Decided to re-post this piece from two years ago. I love this history…hope you do as well!
All Souls Day (November 1 or 2 depending on the time in history). The day of the dead. Time to visit cemeteries and pay respects to ancestors and loved ones, integrating the past with the present. Life is a cycle of birth, living, decline, and death. It is a gift to be cherished, and the dead are to be honored for the life they once gave.
An excerpt from my book, The Field Stones of Umbria, describes the history of this day, as well as Halloween:
Halloween’s origins date back to the ancient Celtic festival of Samhain (pronounced sow-in). The Celts, who lived 2,000 years ago in the area that is now Ireland, the United Kingdom, and northern France, celebrated their new year on November 1. This day marked the end of summer and the harvest and the beginning of the dark, cold winter, a time of year that was often associated with human death.
Celts believed that on the night before the new year, the boundary between the worlds of living and the dead became blurred. On the night of October 31, they celebrated Samhain, when it was believed that the ghosts of the dead returned to earth (in some countries, it is the Day of the Dead). In addition to causing trouble and damaging crops, Celts thought that the presence of the otherworldly spirits made it easier for the Druids, or Celtic priests, to make predictions about the future. For a people entirely dependent on the volatile natural world, these prophecies were an important source of comfort and direction during the long, dark winter.
To commemorate the event, Druids built huge sacred bonfires, where the people gathered to burn crops and animals as sacrifices to the Celtic deities. During the celebration, the Celts wore costumes, typically consisting of animal heads and skins, and attempted to tell each other’s fortunes. When the celebration was over, they re-lit their hearth fires, which they had extinguished earlier that evening, from the sacred bonfire to help protect them during the coming winter.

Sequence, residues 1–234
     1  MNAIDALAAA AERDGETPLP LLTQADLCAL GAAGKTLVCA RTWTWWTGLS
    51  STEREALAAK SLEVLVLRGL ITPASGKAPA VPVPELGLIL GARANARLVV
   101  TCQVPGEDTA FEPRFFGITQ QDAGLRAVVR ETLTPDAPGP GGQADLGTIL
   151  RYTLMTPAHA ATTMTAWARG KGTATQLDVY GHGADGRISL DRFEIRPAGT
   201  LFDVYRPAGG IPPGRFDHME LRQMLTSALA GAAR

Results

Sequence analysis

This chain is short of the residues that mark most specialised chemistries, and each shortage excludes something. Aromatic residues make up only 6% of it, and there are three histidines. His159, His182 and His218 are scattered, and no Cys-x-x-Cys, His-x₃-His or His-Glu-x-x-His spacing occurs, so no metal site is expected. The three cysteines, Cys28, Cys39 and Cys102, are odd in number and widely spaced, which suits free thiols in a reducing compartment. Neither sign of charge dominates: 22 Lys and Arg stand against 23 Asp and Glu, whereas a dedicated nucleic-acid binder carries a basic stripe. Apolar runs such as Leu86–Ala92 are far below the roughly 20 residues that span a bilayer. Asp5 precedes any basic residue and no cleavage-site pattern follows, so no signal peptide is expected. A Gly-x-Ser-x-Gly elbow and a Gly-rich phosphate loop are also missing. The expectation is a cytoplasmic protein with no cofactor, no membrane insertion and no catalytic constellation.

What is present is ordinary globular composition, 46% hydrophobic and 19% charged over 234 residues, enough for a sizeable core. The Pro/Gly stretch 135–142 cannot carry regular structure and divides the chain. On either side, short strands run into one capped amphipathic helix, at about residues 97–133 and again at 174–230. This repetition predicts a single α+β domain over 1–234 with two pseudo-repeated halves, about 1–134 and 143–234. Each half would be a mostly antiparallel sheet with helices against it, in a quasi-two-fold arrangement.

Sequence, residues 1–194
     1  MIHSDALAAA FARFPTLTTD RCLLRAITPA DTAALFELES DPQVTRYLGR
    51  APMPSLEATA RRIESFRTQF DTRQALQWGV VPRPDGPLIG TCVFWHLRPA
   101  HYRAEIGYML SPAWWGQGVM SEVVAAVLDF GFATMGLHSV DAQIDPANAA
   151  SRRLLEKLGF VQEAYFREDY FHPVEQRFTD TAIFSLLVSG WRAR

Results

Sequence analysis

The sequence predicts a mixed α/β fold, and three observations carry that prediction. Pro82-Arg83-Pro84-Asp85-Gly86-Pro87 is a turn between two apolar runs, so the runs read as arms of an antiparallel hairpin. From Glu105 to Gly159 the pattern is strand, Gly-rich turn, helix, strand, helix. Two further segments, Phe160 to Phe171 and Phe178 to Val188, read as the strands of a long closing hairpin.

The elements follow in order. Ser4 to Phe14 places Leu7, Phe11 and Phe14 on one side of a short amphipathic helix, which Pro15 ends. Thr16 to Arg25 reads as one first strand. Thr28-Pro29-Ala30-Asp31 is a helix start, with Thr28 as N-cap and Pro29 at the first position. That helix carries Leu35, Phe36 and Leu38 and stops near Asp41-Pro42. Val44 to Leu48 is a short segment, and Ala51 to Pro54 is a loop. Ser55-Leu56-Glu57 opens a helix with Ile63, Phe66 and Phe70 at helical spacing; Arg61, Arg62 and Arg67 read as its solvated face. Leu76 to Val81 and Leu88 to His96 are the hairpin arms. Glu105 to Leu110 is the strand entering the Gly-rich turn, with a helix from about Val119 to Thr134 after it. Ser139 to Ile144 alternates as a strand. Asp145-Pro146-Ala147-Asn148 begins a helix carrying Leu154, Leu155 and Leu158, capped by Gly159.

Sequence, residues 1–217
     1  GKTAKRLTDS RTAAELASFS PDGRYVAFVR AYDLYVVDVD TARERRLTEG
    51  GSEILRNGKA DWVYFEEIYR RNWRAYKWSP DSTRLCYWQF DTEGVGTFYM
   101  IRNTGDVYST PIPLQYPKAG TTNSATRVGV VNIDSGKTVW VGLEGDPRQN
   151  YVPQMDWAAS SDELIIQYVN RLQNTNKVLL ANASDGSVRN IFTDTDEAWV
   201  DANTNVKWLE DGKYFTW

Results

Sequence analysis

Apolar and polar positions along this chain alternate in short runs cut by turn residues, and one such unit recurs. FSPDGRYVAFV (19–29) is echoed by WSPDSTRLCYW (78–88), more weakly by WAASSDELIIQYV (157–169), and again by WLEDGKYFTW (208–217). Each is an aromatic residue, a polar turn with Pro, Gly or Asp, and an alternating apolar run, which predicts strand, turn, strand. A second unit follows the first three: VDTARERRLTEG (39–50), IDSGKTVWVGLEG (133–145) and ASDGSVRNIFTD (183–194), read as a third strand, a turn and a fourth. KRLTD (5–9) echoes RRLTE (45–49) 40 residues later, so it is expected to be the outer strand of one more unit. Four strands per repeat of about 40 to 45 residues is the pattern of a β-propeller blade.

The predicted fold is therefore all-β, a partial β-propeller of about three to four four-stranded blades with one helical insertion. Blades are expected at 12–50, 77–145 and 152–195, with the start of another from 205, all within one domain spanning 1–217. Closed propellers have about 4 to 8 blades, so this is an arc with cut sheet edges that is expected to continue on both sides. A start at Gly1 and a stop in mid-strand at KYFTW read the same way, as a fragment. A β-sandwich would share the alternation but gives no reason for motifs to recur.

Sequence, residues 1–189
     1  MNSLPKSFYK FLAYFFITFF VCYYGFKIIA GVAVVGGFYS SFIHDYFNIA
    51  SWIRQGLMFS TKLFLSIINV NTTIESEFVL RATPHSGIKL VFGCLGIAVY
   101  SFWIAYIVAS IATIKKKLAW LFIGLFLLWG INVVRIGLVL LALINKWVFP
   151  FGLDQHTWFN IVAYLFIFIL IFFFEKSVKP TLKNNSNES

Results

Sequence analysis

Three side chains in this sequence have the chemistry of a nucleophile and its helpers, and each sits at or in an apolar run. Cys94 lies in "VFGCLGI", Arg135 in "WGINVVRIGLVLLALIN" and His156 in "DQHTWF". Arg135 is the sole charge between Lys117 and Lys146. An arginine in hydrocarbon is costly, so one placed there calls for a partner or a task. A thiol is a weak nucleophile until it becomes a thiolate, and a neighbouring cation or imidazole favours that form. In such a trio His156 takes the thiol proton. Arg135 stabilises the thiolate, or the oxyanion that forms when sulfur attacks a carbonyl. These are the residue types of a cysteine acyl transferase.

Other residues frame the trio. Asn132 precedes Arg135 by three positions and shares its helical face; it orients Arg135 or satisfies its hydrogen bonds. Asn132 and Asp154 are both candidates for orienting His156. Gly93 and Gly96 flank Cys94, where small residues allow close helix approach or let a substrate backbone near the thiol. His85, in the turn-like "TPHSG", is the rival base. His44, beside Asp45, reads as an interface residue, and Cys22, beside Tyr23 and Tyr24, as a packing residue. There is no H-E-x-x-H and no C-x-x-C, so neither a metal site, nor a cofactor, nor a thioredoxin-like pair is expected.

By A.D. 43, Romans had conquered the majority of Celtic territory. In the course of the 400 years that they ruled the Celtic lands, two festivals of Roman origin were combined with the traditional Celtic celebration of Samhain.
The first was Feralla, a day in late October when the Romans traditionally commemorated the passing of the dead. The second was a day to honor Pomona, the Roman goddess of fruit and trees. The symbol of Pomona is the apple, and this probably explains the tradition of “bobbing” for apples that is practiced today on Halloween.
By the 800s, the influence of Christianity had spread into Celtic lands. In the seventh century, Pope Boniface IV designated November 1 All Saints’ Day, a time to honor saints and martyrs. It is widely believed today that the pope was attempting to replace the Celtic festival of the dead with a related, but church-sanctioned holiday. The celebration was also called All-hallows or All-hallowmas (from Middle English Alholowmesse, meaning All Saints Day) and the night before it, the night of Samhain, began to be called All-hallows Eve, and eventually, Halloween. In A.D. 1000, the church would make November 2 All Souls’ Day, a day to honor the dead.